Silica gel is made from silicon dioxide or silica and is an excellent drying agent for protecting products against corrosion, contamination, spoilage, and mould growth. It is formed into small pellets, granules or beads and has a strong affinity for water molecules due to its porous structure. When used as a desiccant, silica gel absorbs moisture from the air and helps keep products dry.
Commonly found in packets labelled “Do Not Eat”, silica gel packs are widely used in food packaging to protect against mould growth and spoilage caused by humidity. Due to its high surface area, water in the air is absorbed between the microscopic pores as the air passes through them. The absorbers contain nanometer void spaces and a tridimensional oxygen and silicon atoms structure. Approved by the Food and Drug Authority of the United States (FDA), the silica gel desiccant is safe to use with food products.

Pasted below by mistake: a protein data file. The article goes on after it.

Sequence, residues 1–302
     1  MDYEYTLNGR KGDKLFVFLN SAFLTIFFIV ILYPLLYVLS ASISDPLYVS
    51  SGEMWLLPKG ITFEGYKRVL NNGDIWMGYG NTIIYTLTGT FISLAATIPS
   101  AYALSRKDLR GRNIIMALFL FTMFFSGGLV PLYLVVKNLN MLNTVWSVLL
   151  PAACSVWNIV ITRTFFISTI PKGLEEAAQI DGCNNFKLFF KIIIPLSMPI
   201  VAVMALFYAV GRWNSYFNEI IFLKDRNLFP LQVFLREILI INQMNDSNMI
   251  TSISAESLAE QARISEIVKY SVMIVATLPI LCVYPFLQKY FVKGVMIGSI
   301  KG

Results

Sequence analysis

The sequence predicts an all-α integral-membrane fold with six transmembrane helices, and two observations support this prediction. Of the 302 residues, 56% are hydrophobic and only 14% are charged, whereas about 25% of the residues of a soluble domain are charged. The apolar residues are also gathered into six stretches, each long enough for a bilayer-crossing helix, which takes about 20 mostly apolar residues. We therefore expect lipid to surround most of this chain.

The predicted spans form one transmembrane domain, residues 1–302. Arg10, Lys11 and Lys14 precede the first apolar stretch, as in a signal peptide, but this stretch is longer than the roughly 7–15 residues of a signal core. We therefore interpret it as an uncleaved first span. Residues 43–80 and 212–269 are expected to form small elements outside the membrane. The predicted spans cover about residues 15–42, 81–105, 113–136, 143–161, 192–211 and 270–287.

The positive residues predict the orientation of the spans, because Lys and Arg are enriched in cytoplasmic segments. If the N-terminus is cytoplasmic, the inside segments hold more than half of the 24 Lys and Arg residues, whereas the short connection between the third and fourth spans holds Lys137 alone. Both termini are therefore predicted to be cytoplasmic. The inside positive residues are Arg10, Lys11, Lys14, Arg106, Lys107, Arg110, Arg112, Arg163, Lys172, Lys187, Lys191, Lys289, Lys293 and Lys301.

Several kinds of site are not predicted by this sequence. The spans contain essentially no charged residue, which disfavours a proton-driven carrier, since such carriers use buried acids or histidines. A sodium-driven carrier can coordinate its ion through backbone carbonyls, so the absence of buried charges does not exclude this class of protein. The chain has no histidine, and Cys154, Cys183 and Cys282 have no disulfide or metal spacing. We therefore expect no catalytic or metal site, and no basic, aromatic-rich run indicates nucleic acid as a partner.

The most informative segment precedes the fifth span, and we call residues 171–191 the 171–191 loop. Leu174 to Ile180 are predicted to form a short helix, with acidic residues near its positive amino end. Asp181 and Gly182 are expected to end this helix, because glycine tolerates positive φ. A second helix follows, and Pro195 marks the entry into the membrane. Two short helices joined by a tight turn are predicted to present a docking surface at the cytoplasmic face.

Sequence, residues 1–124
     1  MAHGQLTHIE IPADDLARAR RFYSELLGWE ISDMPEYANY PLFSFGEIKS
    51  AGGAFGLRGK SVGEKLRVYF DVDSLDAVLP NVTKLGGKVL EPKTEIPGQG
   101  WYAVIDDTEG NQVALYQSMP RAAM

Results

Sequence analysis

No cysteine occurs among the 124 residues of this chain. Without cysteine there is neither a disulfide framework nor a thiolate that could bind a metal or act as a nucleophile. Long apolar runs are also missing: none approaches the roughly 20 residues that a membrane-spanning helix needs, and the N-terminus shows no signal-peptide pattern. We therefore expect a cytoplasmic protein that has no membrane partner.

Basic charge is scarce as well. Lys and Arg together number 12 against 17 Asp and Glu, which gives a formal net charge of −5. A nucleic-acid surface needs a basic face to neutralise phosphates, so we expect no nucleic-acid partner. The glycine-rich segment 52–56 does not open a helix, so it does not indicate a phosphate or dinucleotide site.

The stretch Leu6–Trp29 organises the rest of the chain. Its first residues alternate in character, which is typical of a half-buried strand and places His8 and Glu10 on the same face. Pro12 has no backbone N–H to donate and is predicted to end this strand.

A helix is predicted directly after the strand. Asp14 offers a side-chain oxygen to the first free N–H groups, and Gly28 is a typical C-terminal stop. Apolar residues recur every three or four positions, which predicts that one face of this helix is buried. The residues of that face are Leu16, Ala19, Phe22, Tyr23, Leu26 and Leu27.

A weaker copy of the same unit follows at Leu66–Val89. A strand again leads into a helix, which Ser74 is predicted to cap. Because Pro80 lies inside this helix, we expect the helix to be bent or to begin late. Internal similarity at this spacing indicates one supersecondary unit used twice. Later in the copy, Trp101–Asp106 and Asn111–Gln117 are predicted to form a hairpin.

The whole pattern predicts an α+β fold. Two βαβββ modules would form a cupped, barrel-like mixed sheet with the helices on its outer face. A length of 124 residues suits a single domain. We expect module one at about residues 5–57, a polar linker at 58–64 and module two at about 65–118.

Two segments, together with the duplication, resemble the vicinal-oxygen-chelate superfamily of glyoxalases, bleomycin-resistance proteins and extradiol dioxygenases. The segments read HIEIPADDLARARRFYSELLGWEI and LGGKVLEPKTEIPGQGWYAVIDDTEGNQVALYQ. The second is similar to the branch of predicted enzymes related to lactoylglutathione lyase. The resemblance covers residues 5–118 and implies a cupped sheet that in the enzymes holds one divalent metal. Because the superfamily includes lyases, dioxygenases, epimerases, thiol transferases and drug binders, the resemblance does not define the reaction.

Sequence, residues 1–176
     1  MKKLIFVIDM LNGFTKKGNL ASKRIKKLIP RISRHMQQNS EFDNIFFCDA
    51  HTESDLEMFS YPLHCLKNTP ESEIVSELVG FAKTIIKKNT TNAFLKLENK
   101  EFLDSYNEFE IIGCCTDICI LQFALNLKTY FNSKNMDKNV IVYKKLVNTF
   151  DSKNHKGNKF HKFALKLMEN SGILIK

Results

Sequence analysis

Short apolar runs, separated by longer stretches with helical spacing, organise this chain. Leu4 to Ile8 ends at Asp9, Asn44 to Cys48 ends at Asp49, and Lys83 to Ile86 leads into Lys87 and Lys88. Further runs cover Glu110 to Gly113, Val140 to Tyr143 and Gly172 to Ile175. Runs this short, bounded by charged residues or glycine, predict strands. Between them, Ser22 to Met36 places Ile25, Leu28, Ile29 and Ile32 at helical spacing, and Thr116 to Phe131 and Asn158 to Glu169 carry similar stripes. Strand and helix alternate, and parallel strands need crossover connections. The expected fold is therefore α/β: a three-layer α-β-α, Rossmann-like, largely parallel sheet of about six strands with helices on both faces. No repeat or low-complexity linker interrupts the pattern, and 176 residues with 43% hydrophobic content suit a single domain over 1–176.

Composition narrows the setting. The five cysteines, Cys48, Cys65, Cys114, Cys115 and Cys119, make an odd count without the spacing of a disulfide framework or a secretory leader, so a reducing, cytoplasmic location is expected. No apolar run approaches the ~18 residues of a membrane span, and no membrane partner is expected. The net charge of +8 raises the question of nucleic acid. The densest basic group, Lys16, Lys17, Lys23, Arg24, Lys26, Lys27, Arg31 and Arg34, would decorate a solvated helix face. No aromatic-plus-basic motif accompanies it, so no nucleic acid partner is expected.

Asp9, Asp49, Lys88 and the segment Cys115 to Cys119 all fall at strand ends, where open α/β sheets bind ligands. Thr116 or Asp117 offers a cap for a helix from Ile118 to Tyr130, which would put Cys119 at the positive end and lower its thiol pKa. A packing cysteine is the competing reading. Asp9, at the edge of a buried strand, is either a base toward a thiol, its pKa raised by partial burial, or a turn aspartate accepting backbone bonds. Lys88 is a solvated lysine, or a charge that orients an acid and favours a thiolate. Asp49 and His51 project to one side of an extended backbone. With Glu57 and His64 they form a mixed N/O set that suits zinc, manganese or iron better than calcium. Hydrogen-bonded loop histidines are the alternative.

Indicating Silica Gel
Indicating silica gel is developed for monitoring humidity levels, and the desiccant contains a special dye that changes colour depending on the level of moisture present in the surroundings. The moisture indicator changes colour from an anhydrous (dry) to a hydrated (wet) state. Methyl violet and cobalt (II) chloride are the most common forms. When dry, cobalt (II) chloride is a deep blue but turns pink when saturated. Methyl violet changes colour from orange to green and orange.
Molecular Sieves are composed of microporous aluminosilicate materials, such as zeolites. The desiccant’s customisable pore openings allow specific molecules to separate from one another by absorbing molecules smaller than the pore openings’ width while excluding the remainder, which enables them to dehydrate, purify, and segregate specific gases and liquids.
Molecular sieves can absorb moisture much faster than other desiccants and are commonly used in filtration systems to lower humidity levels. The desiccant can be used in temperatures up to 300°C and absorb up to 22% of its weight. The petroleum sector uses molecular sieves for drying gas in stream assemblies where the water content of gas in the liquid natural gas (LNG) should be less than one ppmv.